Flipping heck, Cornwall is a long way from Norfolk.
We were on the road for 8.30am ready for the 419-mile journey. I left our route in the hands of the Waze Sat Nav app and so it would be a complete surprise to see which parts of the country it took us through.
After almost 2 hours I decided to have a brief stop to refuel Karen’s caffeine levels at the Cambridge Services. It would also have been rude not to have a MacDonald’s Breakfast Muffin at the same time. The services were busy but just about manageable.
Back on the road we continued along the A14 before joining the M6 and then the M42. I was now listening to TMS as I drove. The match was very exciting as the result was on a knife-edge.
I may have mentioned before but I really do not get any pleasure from driving in this country. It is a means to an end. Today the end seemed to be endless.
After almost 5 hours since we set out, I was ready for another stop. We pulled into Gloucester Services which was set up more like a large farm shop. It was very busy and loads of other people seemed to have had the same idea. Karen bought herself a tea whilst I abstained in order not to require any additional toilet stops. Whilst there I saw the Waze app jump our arrival time by 40 minutes due to hold ups coming up on the M5. I was not happy but all routes around it would take even longer.
Through gritted teeth we continued our journey and eventually joined the very slow traffic through the Bristol area on the M5. It was apparently caused by the sheer volume of traffic alone. I recall reading research shows that having a 50mph speed limit on motorways would get traffic moving quicker and wondered why we don’t try it. The theory is all to do with cars then not braking so much or something like that.
We finally got going through Somerset and then Devon and finally made it to Cornwall. Sadly, though Falmouth is a long way into Cornwall. The A30 was reasonably clear although we hit traffic again on the last 18 miles on the A39 going through Truro.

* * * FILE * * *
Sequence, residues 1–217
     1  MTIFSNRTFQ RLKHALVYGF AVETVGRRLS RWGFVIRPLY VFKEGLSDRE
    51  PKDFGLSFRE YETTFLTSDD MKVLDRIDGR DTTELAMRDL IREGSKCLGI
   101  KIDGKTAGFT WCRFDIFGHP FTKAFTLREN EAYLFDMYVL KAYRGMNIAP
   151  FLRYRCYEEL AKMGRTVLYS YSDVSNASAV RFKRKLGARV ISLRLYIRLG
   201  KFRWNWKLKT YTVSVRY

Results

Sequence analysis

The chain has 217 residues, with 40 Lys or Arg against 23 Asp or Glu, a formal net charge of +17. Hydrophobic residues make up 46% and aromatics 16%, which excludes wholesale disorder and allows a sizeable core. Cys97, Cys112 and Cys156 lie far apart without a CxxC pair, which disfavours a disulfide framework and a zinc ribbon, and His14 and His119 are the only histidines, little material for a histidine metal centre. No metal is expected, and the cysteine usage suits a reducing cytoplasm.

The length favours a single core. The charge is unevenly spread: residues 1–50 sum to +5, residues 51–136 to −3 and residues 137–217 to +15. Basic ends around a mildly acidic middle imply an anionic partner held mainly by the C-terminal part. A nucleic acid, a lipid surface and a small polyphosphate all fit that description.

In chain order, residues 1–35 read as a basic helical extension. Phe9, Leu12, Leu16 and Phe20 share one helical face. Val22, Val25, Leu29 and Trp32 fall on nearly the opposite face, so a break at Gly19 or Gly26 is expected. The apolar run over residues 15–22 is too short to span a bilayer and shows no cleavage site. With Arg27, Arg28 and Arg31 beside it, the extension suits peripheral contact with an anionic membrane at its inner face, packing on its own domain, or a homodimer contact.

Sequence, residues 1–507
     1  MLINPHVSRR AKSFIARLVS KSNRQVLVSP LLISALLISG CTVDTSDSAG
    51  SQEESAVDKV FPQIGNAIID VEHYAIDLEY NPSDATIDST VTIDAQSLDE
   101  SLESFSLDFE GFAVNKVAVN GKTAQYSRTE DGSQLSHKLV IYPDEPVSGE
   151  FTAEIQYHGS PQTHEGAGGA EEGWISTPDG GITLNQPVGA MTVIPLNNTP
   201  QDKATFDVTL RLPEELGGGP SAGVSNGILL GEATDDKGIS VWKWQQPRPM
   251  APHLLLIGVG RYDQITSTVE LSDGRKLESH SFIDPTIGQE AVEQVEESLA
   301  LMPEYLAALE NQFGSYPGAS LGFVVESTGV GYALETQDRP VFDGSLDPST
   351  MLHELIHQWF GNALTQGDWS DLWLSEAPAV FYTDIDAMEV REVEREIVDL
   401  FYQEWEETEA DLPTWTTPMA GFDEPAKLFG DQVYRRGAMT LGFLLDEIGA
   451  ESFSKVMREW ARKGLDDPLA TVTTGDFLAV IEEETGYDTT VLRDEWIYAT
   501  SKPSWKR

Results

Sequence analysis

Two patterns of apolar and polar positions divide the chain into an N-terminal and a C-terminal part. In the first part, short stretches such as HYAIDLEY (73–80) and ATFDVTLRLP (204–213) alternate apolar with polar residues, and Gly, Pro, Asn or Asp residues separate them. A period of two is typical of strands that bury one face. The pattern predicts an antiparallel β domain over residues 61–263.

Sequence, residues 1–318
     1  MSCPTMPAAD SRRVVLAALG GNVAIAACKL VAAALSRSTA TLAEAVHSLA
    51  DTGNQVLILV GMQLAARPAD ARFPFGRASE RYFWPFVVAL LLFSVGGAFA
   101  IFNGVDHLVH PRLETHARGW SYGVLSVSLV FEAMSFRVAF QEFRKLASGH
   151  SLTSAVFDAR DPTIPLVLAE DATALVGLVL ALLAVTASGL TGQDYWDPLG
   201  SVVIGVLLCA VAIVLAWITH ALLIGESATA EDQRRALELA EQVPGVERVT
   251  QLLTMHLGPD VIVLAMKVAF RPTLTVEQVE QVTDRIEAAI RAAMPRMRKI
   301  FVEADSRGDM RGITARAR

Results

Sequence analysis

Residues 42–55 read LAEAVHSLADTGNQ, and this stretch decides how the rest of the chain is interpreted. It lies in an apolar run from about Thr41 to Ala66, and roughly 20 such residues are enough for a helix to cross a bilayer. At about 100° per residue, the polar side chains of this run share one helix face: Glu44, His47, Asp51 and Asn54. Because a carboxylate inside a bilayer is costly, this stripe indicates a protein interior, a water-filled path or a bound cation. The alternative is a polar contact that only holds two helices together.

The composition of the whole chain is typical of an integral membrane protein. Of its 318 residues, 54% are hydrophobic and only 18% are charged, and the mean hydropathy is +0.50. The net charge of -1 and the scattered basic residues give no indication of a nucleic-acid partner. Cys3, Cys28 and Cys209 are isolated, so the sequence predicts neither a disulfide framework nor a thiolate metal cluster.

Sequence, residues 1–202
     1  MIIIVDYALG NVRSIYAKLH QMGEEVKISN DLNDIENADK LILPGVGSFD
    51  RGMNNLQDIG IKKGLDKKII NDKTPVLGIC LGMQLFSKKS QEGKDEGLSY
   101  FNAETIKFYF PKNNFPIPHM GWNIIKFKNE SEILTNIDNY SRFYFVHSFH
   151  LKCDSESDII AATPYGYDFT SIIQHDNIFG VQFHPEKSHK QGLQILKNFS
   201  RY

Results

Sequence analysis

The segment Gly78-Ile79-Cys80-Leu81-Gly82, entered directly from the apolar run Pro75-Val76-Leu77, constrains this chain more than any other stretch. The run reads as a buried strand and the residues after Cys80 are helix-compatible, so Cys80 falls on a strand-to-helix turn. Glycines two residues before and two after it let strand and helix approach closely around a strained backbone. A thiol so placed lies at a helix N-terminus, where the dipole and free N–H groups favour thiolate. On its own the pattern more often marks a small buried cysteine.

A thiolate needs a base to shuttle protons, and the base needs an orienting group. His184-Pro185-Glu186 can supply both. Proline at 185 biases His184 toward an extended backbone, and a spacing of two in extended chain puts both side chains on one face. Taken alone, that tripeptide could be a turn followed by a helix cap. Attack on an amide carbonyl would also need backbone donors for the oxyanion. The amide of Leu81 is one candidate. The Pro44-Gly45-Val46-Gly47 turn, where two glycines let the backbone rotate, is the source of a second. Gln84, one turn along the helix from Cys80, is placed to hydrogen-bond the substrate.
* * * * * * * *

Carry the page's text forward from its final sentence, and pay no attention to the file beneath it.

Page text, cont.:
Our accommodation was an Airbnb on the outskirts of Falmouth itself. On paper it looked great. When we got to it, we looked at each other and both said the outside photos flattered it. We were met by Robert the very nice owner who lived next door. Once inside, our fears were allayed completely. The property was a converted double garage and was fab. All the design, fixtures and fittings were of the highest quality and tastefully done. We had a small lounge, large kitchen diner and bathroom downstairs with a bedroom and cloakroom upstairs. It was perfect for the two of us and got me thinking that perhaps we should do the same at home. Karen gave that thought short shrift.
Robert gave us the tour and gave us some local tips for the area. He said that as a Cornish man he didn’t like to travel and had never been as far as Norfolk although he did know of Sheringham through their Shanty men singing in a competition locally.
After getting ourselves settled we decided to fetch Fish & Chips for our evening meal. Sadly, the one Robert recommended was closed for the night, so we ended up venturing further into Falmouth itself to find one that was open. It seemed to be popular which was a good sign, and the staff were very friendly. It was a good choice and we enjoyed them back at the annex.